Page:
When you send an email to your agent, asking him to call you at your hotel instead of your cell phone (because it's totally believable you're the one person in the continental U.S. who can't get reception), you:

a. Call him instead, because that would be easiest.
b. Send him the number to the hotel, with your room number, and ask him to call you.
c. Send him the wrong number to the hotel, with no instructions how to reach your room, and ask him to figure it out. Because it's good form to test your agent's resourcefulness, and you always want to start out your phone calls with the agent saying these words: "In the future, if you have to give this hotel number to others, here's the correct number..."

Answer: A. or B. Not C, because that's what I did.

When you're up late at night, and the self-doubt creeps in, you:

a. Discuss it with your significant other, because he/she can't leave you, because he/she knew what he/she was getting into when he/she got involved with you.
b. Take an extra sleeping pill, and tell yourself it's best to sleep on it. You'll have your wits about you in the morning.
c. Compose a crazy a** email that showcases your neuroses, because hey, you do your best writing at midnight. Address said email to your agent, with the subject line: "Aaaaaaaccccckkkkkk!"

You can probably guess which one I chose, prompting me to make myself one of these:
Six days without incident and counting...

So, how did y'all do on the quiz? At least you can comfort yourself with the knowledge that there's always someone out there who did it crazier than you. I, unfortunately, can take no such comfort.

Monday, July 19, 2010

Revision Tip #2: The Electric Percolator

So we went on our church campout last Friday night. Sam called me Thursday afternoon and told me there was a chance he was in charge of "a large percentage of the entertainment portion of the campout."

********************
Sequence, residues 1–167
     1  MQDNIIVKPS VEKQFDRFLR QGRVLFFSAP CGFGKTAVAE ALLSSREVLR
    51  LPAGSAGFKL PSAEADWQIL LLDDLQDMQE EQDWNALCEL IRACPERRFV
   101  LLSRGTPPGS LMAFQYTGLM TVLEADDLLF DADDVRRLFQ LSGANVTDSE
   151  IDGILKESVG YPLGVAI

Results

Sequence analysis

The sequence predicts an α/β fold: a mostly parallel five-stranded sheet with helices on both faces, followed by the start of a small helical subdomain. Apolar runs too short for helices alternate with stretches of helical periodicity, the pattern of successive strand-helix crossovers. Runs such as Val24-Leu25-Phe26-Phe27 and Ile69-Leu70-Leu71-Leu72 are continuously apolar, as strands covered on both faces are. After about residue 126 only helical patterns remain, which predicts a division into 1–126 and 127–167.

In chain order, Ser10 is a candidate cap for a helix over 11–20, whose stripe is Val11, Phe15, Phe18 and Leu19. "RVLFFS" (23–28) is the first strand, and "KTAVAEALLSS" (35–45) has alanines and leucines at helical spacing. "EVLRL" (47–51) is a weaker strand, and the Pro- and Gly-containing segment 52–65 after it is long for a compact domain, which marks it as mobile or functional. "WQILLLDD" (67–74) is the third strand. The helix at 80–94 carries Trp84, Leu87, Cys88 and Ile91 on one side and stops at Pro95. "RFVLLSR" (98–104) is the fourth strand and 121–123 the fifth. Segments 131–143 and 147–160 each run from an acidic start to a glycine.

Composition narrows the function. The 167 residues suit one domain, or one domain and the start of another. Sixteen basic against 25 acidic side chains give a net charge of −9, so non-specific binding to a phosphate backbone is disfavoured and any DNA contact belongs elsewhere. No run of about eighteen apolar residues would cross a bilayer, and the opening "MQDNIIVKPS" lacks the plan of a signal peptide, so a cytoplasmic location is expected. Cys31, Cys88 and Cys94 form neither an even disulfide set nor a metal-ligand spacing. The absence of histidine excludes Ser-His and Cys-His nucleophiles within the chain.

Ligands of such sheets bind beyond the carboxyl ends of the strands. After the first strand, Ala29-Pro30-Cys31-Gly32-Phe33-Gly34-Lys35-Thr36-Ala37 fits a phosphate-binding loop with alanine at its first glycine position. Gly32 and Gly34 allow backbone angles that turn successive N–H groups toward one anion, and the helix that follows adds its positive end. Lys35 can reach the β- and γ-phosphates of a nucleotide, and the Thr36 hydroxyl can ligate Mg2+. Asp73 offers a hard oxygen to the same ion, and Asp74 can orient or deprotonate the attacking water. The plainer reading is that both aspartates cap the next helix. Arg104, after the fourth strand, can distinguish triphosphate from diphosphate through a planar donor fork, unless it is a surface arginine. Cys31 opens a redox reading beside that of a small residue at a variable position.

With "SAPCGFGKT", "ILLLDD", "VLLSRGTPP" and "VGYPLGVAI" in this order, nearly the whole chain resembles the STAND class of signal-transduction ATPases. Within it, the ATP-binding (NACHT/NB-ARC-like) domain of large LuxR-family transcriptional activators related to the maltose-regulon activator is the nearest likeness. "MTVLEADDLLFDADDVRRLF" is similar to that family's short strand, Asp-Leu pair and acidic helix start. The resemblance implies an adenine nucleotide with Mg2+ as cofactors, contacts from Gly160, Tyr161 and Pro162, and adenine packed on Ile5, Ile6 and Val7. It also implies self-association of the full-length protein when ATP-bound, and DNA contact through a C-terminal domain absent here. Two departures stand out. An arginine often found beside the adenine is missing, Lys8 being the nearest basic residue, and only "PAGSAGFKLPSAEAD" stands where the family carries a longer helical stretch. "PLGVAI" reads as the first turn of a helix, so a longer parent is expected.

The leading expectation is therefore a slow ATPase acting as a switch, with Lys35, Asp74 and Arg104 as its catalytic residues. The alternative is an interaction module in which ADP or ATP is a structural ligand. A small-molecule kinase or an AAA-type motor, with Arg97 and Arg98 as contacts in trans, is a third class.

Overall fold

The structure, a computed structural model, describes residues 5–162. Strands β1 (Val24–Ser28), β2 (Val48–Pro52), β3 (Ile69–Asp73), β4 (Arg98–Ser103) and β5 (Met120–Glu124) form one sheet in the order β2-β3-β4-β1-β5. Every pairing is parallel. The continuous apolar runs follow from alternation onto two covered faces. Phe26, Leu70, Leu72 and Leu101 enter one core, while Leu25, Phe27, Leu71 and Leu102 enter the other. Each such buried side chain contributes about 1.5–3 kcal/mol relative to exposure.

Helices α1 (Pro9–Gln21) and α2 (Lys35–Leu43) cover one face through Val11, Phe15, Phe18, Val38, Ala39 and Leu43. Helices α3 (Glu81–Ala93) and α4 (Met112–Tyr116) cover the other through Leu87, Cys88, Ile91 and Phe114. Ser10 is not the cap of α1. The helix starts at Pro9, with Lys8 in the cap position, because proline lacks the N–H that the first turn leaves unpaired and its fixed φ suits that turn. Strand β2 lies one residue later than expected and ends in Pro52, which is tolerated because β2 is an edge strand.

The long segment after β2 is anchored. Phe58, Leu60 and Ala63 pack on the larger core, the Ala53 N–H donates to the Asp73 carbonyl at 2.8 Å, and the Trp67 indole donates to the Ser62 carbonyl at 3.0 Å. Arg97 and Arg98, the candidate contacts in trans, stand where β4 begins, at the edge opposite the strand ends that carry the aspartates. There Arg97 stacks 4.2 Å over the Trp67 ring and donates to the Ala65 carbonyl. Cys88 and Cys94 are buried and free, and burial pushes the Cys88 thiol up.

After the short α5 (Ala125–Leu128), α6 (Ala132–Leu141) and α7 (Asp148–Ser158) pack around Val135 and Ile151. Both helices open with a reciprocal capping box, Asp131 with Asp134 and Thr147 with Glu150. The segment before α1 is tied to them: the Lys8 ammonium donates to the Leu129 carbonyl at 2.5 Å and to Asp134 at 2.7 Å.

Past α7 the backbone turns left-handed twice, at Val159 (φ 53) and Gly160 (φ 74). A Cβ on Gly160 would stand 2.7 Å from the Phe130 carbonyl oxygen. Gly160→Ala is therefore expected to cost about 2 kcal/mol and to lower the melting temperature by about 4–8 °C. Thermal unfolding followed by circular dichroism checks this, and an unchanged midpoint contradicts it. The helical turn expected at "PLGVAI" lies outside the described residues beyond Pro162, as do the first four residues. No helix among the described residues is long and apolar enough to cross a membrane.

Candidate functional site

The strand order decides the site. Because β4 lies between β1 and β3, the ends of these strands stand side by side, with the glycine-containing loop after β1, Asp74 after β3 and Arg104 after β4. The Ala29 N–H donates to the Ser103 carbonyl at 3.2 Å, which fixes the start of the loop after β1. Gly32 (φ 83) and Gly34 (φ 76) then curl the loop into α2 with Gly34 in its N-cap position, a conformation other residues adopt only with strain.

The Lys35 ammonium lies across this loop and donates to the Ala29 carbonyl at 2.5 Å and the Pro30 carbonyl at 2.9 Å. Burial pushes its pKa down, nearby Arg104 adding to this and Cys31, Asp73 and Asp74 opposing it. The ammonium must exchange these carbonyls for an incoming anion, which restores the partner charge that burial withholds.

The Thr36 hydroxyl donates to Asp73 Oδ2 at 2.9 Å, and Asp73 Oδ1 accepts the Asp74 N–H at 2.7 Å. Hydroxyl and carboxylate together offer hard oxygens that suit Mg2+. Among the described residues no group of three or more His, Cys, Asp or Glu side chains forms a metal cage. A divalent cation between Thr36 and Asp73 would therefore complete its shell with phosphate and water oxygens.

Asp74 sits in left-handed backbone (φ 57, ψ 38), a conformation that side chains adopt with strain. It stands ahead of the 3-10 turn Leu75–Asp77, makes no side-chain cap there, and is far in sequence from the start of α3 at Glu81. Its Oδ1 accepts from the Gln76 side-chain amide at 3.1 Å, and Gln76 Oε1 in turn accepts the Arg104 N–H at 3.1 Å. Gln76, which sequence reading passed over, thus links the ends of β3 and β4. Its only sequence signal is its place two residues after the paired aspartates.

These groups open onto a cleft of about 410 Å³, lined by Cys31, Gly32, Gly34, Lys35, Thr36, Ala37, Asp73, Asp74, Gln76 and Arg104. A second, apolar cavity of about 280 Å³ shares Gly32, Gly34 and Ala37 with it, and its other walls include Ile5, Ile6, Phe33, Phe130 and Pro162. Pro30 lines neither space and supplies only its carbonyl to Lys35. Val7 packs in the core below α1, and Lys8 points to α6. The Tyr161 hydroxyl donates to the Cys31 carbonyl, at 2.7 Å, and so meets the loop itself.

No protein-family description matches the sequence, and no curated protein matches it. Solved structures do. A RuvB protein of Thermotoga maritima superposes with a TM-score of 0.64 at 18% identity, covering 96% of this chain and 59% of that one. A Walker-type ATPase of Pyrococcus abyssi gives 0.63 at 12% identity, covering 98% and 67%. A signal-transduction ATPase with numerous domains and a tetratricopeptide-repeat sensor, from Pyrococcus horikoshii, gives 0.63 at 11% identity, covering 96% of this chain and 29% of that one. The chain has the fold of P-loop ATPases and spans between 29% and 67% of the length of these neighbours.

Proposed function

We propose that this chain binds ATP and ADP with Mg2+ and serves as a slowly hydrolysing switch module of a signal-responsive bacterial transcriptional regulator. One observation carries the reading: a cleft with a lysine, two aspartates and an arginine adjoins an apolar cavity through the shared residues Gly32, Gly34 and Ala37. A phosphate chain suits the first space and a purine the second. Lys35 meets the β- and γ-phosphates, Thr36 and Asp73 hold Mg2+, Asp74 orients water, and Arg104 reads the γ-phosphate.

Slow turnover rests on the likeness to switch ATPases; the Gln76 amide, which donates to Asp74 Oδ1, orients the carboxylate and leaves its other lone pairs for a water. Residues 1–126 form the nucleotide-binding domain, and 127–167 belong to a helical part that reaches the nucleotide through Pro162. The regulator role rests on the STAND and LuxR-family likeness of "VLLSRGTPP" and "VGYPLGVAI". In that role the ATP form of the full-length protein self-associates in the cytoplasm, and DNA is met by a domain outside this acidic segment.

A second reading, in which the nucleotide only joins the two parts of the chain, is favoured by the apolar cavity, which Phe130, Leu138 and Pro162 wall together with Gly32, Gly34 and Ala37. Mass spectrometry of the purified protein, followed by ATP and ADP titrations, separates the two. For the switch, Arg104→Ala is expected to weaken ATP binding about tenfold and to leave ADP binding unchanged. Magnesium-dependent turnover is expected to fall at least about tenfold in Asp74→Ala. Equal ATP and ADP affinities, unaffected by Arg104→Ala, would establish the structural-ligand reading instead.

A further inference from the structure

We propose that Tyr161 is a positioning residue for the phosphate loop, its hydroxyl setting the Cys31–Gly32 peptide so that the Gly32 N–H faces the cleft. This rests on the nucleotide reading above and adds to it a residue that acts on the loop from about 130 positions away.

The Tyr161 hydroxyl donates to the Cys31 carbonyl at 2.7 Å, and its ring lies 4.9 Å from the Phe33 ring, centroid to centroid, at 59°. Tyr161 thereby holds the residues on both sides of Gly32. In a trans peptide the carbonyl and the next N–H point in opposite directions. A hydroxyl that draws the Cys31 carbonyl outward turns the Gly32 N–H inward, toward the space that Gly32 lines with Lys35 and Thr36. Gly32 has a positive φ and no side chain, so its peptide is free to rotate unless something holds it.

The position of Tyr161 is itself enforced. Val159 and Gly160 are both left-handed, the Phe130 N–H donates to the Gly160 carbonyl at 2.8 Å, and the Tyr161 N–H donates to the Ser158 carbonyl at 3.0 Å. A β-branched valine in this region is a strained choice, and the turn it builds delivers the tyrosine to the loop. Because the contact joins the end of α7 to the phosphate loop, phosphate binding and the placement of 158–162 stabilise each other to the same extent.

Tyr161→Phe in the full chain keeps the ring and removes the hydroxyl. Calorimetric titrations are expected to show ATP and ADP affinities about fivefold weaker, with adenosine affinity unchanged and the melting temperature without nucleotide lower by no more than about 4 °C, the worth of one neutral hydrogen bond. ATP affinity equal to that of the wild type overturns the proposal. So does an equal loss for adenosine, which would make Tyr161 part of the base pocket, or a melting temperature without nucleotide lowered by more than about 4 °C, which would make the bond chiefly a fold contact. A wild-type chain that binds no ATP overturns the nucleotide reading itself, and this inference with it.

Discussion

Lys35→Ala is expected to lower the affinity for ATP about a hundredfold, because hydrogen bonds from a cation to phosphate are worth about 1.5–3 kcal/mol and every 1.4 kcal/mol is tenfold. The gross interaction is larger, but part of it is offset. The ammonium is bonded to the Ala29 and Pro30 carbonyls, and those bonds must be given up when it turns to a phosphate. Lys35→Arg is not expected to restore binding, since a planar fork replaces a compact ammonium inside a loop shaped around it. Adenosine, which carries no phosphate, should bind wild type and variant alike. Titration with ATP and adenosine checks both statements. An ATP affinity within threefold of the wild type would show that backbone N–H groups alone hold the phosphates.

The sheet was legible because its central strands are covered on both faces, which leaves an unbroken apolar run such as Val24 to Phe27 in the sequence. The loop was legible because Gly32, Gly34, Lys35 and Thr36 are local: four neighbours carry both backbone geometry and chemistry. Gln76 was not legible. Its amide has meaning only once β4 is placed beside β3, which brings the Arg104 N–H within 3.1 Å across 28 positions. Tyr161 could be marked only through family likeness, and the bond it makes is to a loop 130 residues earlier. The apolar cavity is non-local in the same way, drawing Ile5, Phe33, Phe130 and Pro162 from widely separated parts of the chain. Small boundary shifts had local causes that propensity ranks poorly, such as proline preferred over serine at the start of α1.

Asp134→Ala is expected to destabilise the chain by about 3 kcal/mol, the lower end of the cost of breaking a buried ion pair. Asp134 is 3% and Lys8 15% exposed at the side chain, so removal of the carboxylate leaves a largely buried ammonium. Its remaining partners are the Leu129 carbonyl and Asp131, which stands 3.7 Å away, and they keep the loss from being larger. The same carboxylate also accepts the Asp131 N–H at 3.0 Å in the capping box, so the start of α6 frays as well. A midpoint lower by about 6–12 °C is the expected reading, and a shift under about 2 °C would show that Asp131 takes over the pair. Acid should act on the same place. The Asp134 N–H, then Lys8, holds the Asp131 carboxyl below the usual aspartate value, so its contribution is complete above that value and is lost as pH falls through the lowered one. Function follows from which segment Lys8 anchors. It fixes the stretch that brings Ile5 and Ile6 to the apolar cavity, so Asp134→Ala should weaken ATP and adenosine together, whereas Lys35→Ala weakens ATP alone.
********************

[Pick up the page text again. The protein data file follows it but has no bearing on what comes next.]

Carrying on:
I assume he was using words like "percentage" and "chance" to soften the blow that he was giving me 24 hours notice.

I did what any supportive church wife would do: promptly laughed into the phone and declared, "Looks like you're S-O-L.  Wow. A guy who procrastinates. Could you be any more of a cliche? Why don't you leave the toilet seat up, and then go scratch your nether regions."

Normally, I would be totally up for planning the entertainment, but 24 hours is not enough time. I need to let an idea percolate. 

Afterward, I let the idea marinate:

And finally, I leave it alone for a while to simmer:
(Do not try this at home, because no matter how much time you have, coffee will never turn into raw meat and then potatoes. I know from experience.)

Not surprisingly, this is as close as I get to actually cooking. 

So, Sam's all, "Can't you percolate faster?"

No. I can't. And here's the thing about ideas: if you try to rush them, it just slows down the whole process, and then you get a nasty case of writer's block. At least, that's what happens to me. 

When did we stop talking about camping entertainment and start talking about writer's block? You see how I did that? Smoothly took camping story and veered left toward revision advice.  

If I have three weeks before revisions are due, you can bet two of those weeks will be simply going about my daily life, ruminating.

Ask any writer, and they'll tell you much of writing is looking out a window, taking a shower, going for a walk, leaving the brain open for that a-ha moment.

Now for a choppy segue back to camping story. So, I ask Sam what he has in mind for entertainment so far. He says, "I thought we could hang out around the campfire, and maybe sing camp songs."

What I think is: 
1. Does he even know any camping songs? Besides maybe Koom-by-yah? (totally nailed that spelling, right?)
2. Is someone bringing a guitar? Or is he going full-on acapella?
3. Is he actually going to stand up and say, "Now we shall sing" or is he hoping for a moment when the campers will just spontaneously break into song?

But what I say is: "That sounds great. Go for it."

Because if I don't have any better ideas, I shouldn't give an opinion on his. And I don't have any better ideas. Because there was no time to percolate.

BTW, Sam has since said, "Can you please stop talking about percolating?"

No. I can't.

And now I'm off to go percolate in the shower. It can get messy.

So, how do y'all cultivate ideas?

p.s. Is camping with children ever worth it? 

Friday, July 16, 2010

I'm blogging and camping! Sorry for the late blog. I'm in the mountains, in my car(because I didn't go camping to be outside) and I'm blogging from my phone, while other people watch me, with expressions that say, "poor girl's addicted to technology" to which I reply, "don't you dare judge me!"